Our modern era of individualism is part of a pendulum swing, away from social pressures and extended families having a primary hold over our lives. And that has benefits. But if we lose with that shift any concern for legacy, our descendents will face catastrophic runaway climate change. It is unfortunately a very real and live concern, whether we now should mildly inconvenience ourselves out of concern for that legacy. We each decide.

"Death is only the end if you assume the story is about you."

-Jeffrey Cranor, in the Welcome to Nightvale podcast (episode #2)

I make the broader case that we cannot have had a meaningful life, from only looking within it at our personal concerns, and that this recognition often arrived at late in life reflecting on what it has all meant, has been the main driver of religious thought and practice: What are some philosophical works that explore constructing meaning in life from an agnostic or atheist view?


What category of philosophy does this fall under?

Several, actually.

  • In Deontology ("the normative ethical theory that the morality of an action should be based on whether that action itself is right or wrong [...], rather than based on the consequences [...]") you would prominently find Kant's Categorical Imperative:

    "Act only according to that maxim whereby you can at the same time will that it should become a universal law."

    To translate or adapt this to your question: "caring about your legacy" is equivalent to always acting in a way that your actions are intrinsically good (no matter what the result of them would be). Hence, people will later talk well about you, and doing good deeds is a value in itself, even after your death.

  • In Utilitarism, you are concerned with maximizing total happiness (over a whole population, whatever you define to be that). For your question: You would measure each of your actions and check whether the net result on overall happiness is better or worse and other actions. And you'd define your "legacy" as the sum of said results after your mortal coil has ended. People would talk about how your actions resulted in greatly increased happiness for everyone.

  • Nihilism would be a philosophical stream which would say that there is no legacy. In this world view (or at least some sub-streams of it), things are what they are, and there is no tallying-up of deeds at any point in time.

  • And many more, if you do a field review of Morality as a whole.

Or is this just a matter of opinion?

Sure, most of philosophy is.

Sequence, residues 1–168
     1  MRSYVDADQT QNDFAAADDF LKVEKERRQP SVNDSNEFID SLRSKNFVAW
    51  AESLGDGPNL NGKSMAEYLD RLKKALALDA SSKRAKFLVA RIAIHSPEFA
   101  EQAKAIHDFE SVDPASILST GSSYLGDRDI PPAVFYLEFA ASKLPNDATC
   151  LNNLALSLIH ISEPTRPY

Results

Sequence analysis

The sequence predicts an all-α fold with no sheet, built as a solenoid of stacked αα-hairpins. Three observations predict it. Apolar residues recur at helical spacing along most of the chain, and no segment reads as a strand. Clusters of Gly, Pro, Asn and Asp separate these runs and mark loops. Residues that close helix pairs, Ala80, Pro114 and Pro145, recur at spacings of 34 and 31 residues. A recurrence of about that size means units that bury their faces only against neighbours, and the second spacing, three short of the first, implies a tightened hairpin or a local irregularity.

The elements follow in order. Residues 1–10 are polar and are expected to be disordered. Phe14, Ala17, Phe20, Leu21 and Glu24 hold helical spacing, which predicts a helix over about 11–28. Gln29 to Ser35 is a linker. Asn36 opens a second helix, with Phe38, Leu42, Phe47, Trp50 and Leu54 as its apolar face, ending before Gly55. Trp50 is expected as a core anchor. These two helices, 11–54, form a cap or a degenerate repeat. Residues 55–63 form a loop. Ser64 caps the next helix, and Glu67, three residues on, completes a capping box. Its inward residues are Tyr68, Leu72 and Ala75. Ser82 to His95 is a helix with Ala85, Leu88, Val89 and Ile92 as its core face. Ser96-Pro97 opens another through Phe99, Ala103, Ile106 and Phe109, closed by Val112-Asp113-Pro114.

Many if not most humans decide their actions on a daily basis without ever having heard about any of this. But even if you are aware of all that, clearly, it is possible to view these things in many contradictory ways (as exemplified by the three concepts detailed above). It seems unclear to me what other feature of the human brain than "opinion" to ascribe this to.


Agent theory and decision theory would surmise that you already either do or don't care about your legacy, and that neither possibility is fundamentally better than the other. This is closely connected to the orthogonality thesis: You have some inherent utility function, and if your legacy isn't in it then by definition you should not take legacy into account other than as a means to some end that occurs in your lifetime. However, if you are going to act as if you don't care about your legacy, you should take some things into account:

  1. It would be bad for your utility to trash your legacy, and then upon further introspection find out that you actually care about it quite a lot. We can observe this happening to other people- for example, dying parents who were cruel to their children wishing on their death bed that they could reconcile, but finding that their children are not interested. Since many humans are similar to each other, it's worth observing what happens to others and considering whether we want it to happen to ourselves.

  2. There are many people who do care about their legacy, and if you also care about your legacy you may find them easier to cooperate with. It may be worth pretending to care about your legacy, even if you don't. If you are an imperfect liar, it may even be worth going so far as to modify your utility function to include legacy so as to pretend with more verisimilitude. The trust of people who care about their legacy can be a valuable resource.